Wednesday, November 2, 2011

California Court Holds Trade Secrets Preemption Issue Premature for Ruling (Amron Int'l Diving Supply v. Hydrolinx Diving)

The preemption provision of the Uniform Trade Secrets Act is a topic on which I write quite frequently. The idea is that the UTSA is supposed to displace conflicting tort claims based on trade secrets misappropriation.

States which have adopted the UTSA are varied in how they approach key principles of preemption. One of those concerns whether a court can determine if preemption applies when no definitive ruling has been made on whether something alleged to be a trade secret actually qualifies as such.

A California court has joined the reasoning of states holding that a court cannot adjudicate preemption on the basis of an allegation alone. It joins Virginia, Wisconsin and other courts holding that motions on the pleadings, claiming preemption under the UTSA, are premature.

Ohio is among a group of states (the majority) reaching the opposite conclusion. In such states, it is routine to see ancillary tort claims (such as conspiracy, conversion, and tortious interference) dismissed because the underlying conduct is alleged to be based on misappropriation of a trade secret.

UPDATE X1: A commenter has astutely pointed out that this ruling likely is inconsistent with California state court precedent (which would be binding, as opposed to this memorandum opinion). It appears California adopts a broad view of preemption under K.C. Multimedia, Inc. v. Bank of America Technology & Operations, Inc., 171 Cal. App. 4th 939 (6th Dist. 2009). From reading that case, it appears that courts are empowered to dismiss ancillary tort claims prior to a finding of trade secrets misappropriation. This is the far more sensible rule and is more consistent with California's policy towards non-compete and trade secrets claims.


Court: United States District Court for the Southern District of California
Opinion Date: 10/21/11
Cite: Amron Int'l Diving Supply, Inc. v. Hydrolinx Diving Comm., Inc., 2011 U.S. Dist. LEXIS 122420 (S.D. Cal. Oct. 21, 2011)
Opinion Date: 10/21/11
Favors: Employer

1 comment:

  1. Kenneth,

    This very short slip ruling is inconsistent with California law on UTSA preemption, including two state court appellate opinions which should be binding on a federal district court purporting to apply California law.

    California takes the majority position, including ruling preemption on alternative confidentiality formulations at the demurrer (pleading stage) as a question of law, and not as something for further factual analysis. The KC Multimedia and Intel cases both make that clear, as do other federal court rulings such as AirDefense.

    In addition, California does not recognize a "confidential but not secret" theory in any event because of the policies of Business & Professions Code section 16600. Even before the UTSA was enacted, that statute protected potential defendants by applying a single-tier IP standard: secret information was off-limits, but nonsecret information was fair game. There was no intermediate tier in the pre-UTSA days.

    In other words, one could never even reach the issue the Wisconsin court seemed to contemplate in Burbank Grease, because no such alternative claim could be allowed under pre-UTSA California law. That is why there would be no basis to delay a ruling to see if the plaintiff could establish some intermediate IP category of "confidential but not secret," whatever that would mean.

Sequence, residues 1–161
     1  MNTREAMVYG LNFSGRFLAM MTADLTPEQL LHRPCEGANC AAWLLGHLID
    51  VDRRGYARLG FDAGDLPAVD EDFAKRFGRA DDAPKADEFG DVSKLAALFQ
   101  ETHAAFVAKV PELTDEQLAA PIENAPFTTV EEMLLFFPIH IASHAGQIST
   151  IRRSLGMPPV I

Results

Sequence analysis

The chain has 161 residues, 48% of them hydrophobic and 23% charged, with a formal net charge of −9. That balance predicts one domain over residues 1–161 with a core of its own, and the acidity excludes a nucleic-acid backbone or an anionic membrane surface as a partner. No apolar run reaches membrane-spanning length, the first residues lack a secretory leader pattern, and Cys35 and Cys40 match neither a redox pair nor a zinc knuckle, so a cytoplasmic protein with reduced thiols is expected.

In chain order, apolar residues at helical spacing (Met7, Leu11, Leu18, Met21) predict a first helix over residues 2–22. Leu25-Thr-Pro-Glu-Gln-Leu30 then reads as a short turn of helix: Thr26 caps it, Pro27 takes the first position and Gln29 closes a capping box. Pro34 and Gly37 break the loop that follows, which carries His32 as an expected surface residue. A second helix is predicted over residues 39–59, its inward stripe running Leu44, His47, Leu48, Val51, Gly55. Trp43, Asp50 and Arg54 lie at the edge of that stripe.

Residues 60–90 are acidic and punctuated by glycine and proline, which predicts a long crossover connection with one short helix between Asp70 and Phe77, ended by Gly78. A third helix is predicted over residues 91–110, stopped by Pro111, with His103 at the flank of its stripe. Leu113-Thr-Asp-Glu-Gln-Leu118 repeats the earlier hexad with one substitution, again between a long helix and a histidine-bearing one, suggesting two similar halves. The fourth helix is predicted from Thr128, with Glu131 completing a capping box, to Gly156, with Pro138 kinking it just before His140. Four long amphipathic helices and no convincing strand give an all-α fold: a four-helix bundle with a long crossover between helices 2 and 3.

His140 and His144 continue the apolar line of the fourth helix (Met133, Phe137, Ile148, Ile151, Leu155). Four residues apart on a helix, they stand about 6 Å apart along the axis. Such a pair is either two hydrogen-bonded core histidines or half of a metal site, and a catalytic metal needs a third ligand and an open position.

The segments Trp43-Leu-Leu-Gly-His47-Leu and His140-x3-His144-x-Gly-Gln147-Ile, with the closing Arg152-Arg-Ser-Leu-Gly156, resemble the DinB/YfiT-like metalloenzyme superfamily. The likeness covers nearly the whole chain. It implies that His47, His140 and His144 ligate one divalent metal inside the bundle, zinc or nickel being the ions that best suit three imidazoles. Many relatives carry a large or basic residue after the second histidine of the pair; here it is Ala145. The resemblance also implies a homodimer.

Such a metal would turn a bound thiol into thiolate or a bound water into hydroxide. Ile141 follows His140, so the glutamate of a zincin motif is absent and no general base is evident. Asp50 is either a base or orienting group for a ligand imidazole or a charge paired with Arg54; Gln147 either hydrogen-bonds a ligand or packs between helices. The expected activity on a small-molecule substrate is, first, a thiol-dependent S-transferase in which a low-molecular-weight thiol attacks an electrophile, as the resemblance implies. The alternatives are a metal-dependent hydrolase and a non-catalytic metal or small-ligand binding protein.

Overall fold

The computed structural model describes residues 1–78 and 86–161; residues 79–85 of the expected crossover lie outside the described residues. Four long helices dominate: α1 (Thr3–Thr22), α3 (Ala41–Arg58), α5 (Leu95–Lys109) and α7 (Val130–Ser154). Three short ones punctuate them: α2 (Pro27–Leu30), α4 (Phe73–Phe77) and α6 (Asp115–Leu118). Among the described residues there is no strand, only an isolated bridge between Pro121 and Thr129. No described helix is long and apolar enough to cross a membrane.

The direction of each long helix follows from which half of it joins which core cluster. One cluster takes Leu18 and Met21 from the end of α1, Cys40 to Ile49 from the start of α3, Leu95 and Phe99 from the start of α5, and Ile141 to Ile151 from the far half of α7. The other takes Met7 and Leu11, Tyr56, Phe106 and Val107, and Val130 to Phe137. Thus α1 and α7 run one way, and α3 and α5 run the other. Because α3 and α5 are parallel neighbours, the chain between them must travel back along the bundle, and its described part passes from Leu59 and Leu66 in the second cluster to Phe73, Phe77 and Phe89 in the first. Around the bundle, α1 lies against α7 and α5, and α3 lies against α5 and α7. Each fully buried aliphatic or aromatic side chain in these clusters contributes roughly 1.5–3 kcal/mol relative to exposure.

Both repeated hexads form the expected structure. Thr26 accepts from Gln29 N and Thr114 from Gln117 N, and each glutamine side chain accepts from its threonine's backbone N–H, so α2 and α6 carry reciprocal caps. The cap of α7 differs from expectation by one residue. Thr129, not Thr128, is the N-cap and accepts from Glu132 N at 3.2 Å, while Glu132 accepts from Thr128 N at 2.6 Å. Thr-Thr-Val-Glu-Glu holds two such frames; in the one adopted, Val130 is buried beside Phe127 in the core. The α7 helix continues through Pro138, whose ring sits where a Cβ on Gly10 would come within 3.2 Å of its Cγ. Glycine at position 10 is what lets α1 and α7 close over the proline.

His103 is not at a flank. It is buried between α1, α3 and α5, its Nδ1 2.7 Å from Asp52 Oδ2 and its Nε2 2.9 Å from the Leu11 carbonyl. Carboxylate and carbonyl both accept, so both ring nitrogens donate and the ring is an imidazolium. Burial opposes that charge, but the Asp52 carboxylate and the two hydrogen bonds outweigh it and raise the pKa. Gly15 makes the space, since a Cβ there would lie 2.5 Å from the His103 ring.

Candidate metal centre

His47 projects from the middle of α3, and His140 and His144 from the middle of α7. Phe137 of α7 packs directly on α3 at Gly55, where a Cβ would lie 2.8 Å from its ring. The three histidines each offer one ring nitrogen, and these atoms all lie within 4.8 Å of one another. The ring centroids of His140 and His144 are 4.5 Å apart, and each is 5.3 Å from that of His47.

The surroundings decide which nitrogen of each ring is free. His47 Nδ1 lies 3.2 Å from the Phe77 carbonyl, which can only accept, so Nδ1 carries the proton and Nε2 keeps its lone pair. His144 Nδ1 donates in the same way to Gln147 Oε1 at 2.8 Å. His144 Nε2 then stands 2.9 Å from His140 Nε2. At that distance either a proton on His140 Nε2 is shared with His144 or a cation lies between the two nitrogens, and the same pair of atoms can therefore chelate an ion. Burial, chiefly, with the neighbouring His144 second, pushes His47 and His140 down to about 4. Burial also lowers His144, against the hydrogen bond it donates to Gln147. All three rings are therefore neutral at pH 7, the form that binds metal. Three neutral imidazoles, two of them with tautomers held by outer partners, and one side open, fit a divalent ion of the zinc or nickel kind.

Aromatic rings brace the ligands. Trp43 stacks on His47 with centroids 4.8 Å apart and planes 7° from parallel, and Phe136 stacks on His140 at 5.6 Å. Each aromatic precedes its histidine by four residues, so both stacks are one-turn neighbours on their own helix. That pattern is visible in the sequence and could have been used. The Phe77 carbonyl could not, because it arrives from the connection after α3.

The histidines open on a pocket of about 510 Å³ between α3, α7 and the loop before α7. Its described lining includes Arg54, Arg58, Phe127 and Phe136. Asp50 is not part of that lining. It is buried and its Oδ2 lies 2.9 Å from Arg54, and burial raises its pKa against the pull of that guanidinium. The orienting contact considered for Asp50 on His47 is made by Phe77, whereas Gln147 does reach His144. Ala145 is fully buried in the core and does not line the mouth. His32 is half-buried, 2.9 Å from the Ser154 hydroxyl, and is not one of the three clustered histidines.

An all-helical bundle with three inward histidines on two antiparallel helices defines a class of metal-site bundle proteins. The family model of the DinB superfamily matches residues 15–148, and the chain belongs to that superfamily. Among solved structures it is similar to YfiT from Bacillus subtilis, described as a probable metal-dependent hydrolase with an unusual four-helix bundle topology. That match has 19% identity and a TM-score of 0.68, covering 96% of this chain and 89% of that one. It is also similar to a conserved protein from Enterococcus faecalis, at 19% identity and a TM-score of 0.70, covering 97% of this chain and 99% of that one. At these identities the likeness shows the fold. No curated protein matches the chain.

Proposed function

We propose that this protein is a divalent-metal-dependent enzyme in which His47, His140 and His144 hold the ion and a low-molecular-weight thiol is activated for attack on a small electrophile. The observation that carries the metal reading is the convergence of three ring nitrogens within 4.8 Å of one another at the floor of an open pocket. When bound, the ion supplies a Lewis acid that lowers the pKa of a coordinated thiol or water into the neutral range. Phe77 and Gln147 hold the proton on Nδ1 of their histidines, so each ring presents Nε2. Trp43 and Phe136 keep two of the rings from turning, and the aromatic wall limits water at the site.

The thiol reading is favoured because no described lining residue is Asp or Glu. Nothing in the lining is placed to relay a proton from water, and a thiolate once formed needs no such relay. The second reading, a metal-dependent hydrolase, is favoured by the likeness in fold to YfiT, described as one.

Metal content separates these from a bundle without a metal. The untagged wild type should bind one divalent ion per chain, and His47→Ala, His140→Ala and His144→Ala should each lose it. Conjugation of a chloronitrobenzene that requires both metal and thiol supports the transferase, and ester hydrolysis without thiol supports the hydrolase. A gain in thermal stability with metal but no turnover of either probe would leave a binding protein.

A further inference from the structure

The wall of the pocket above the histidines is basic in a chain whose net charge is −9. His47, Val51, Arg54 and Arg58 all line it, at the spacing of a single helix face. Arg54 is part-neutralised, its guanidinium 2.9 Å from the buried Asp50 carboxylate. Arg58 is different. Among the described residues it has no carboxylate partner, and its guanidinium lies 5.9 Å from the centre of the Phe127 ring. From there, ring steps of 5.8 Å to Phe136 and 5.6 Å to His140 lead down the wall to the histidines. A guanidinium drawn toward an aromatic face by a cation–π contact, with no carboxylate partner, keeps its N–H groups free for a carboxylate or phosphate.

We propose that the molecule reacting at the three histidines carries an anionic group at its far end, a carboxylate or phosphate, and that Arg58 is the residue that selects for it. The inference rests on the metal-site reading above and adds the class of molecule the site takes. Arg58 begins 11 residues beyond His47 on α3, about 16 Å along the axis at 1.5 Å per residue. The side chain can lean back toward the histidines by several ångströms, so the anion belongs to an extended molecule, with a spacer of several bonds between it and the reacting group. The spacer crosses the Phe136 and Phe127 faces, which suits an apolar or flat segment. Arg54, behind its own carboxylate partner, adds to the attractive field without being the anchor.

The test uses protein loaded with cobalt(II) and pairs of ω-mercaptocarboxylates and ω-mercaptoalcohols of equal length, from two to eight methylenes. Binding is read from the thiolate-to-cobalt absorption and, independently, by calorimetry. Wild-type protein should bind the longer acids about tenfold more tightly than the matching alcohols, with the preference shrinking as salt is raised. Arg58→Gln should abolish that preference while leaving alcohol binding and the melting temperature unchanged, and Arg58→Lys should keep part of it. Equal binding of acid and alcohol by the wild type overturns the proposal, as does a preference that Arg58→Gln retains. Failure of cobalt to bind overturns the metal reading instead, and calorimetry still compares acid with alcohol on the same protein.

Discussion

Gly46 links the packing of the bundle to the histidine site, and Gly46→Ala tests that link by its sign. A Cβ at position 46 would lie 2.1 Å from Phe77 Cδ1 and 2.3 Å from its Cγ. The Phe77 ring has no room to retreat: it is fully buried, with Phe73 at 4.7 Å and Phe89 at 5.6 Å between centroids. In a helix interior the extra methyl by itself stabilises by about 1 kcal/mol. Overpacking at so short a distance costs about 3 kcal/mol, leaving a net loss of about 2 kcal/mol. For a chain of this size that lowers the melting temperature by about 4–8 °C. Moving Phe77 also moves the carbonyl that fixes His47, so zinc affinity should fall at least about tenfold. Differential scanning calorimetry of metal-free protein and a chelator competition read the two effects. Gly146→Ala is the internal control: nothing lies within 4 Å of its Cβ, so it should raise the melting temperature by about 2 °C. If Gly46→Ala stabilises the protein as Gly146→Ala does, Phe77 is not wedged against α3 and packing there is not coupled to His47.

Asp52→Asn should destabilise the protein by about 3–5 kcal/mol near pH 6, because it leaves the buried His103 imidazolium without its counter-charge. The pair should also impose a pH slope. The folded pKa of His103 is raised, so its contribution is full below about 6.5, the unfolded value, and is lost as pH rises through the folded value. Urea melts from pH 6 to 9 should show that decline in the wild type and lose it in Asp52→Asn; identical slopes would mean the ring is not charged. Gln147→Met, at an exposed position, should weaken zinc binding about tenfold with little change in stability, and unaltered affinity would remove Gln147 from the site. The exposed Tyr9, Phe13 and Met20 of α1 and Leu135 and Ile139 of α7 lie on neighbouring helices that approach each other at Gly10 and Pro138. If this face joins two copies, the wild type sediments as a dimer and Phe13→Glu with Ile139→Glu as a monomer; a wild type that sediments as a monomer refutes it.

This very cursory slip ruling does not mention any of that, and it does not mention California's strong preemption of common law claims under Uniform Acts in general, such as the UCC and others.

    I believe that this is an outlier and not worth the attention of your excellent blog. Certainly this ruling does not place California with Wisconsin as an anti-preemption state (a federal slip opinion can't overrule published state appellate decisions on a question of state law), so I respectfully submit that statement in your posting should be revised.

    If the California Supreme Court were to take up the issue, it would almost certainly side with the two published appellate opinions and the host of better-reasoned federal court opinions on UTSA preemption, and it would also likely follow its own broad 2007 ruling on UCC preemption of common law claims.

    My guess is that the litigants here did not fully brief the issue -- the preemption question gets only a couple of paragraphs with very sloppy case citations -- and the court thus did not recognize its importance or consider all the cases and other policy considerations in play.

    Unfortunately, trade secret litigants do not always do a good job of explaining the UTSA preemption issue during briefing, which leaves courts vulnerable to making rulings like this one. Ultimately the question is whether each UTSA state allows a two-tier system of state-created intellectual property, one tier governed by the UTSA and its guidelines and the other, alternative tier ("confidential but not secret") governed by no rules, procedural safeguards, or other definitinal limits, and with serious Supremacy Clause problems. Preemption favors a one-tier system, and anti-preemption favors a two-tier system.

    That's a very important policy question (for innovation encouragement, employee mobility, and regional economic growth), and one that should not be dealt with through simplistic briefing. Unfortunately even the attorneys litigating a case do not always recognize that bigger picture issues are in play on the preemption question.

    I agree with you that this is a very important issue.

    Thank you.